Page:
Best car headlight bulbs to buy 2020
Night driving safety can be transformed with better headlight bulbs. We’ve narrowed down the best bulbs worth upgrading to
Never underestimate the importance of a good-quality light bulb. The extra brightness that’s offered by the best could help you spot potential hazards sooner when driving at night or in poor weather, buying you extra time to take avoiding action.
Some headlight bulb manufacturers say their products could give up to 150% more light than standard bulbs. To find out, we used a special testing facility in Budapest, Hungary.
Each of the bulbs we tested were double-filament H4s, which provide dipped and main-beam functions in one, in a Nissan headlamp. We stuck to our formula using light measurements at distances of 50 and 75 metres, but these both depend on alignment. We measured the amount of light that was more than 20 lumens to get a rating independent of alignment, plus the brightest spot.
The results were converted to percentages to accurately reflect the differences between each bulb. The winner scored 100%, while the rest received percentages relative to our top performer.
Our results are based on an average of two bulbs, bought or picked from multiple packs.
Importantly, we also ensured the maximum light output was within EC regulations. The prices below are from online sources, although as headlamps are important safety features, cost formed a smaller part of our assessments.
The best H4 car headlight bulbs on sale:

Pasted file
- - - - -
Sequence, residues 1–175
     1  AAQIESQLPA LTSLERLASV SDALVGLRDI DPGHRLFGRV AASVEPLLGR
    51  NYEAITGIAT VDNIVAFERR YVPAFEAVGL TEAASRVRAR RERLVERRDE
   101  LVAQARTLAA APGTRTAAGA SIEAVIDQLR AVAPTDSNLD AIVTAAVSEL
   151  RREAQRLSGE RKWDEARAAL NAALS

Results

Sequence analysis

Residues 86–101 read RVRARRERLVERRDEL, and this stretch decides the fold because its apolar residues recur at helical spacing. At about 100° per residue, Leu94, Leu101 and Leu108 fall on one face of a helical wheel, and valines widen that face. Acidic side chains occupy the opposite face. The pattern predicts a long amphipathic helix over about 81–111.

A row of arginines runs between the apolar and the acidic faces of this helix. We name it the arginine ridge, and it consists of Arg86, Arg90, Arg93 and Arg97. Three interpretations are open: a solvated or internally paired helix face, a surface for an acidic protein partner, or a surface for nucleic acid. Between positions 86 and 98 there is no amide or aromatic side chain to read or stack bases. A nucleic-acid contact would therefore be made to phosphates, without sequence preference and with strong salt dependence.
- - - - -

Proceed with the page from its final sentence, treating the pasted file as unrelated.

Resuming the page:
GE Megalight Ultra +130
Price: Around £15Beam: 100%Rating: 5/5
Our best buy, the GE Megalight Ultra +130, topped all of our tests, and by a clear margin in our 50 and 75-metre test. It was closer in the overall brightness of the beam with the second-placed Bosch Gigalight Plus 120. The Ring Xenon150 ran it closest when it came to the brightest spot within the beam. The GE’s light hot spot was significantly wider than rivals on the light tunnel wall.
Bosch Gigalight Plus 120
Price: £35Beam: 93.4%Rating: 4/5
The Bosch Gigalight Plus 120 was outscored by the GE bulb in all of our tests, but its second place was secured by the large and accurately control spread of light across the road. It looked less bright than the best here to the naked eye, which was reflected in our testing of the brightest spot. It clawed back ground by finishing near the top in our 50 and 75-metre tests.
Price: Around £25.99Beam: 92.9%Rating: 4/5
One of the two Philips RacingVision bulbs we tested was right on the legal limit in our photometry test (the measurement of perceived brightness). That was reflected in our 50 and 75-metre tests, where it was only pipped by the class-winning GE Megalight. The Philips bulbs were podium finishers in our other two tests.
Price: Around £24.99Beam: 91.9%Rating: 4/5
The GE-made Ring Xenon150 promises 150% more light than standard bulbs without any loss in durability. Its scores were very close to the Philips RacingVision, but the Ring was slightly brighter. The Ring’s performance suffered slightly because one bulb was being a fair bit better than the other.
Halfords +150% Brighter
Price: Around £39Beam: 83.6%Rating: 3/5
Although the Halfords +150% Brighter bulbs claim, as their name suggests, a 150% increase in brightness, the differences in performance of each bulb did it no favours. The difference could be seen with the naked eye in the light tunnel where one hot spot was bigger than the other. That was reflected in the beam assessment, although peak brightness was more consistent – although no match for the best here. It was better in our 50 and 75-metre tests, though.
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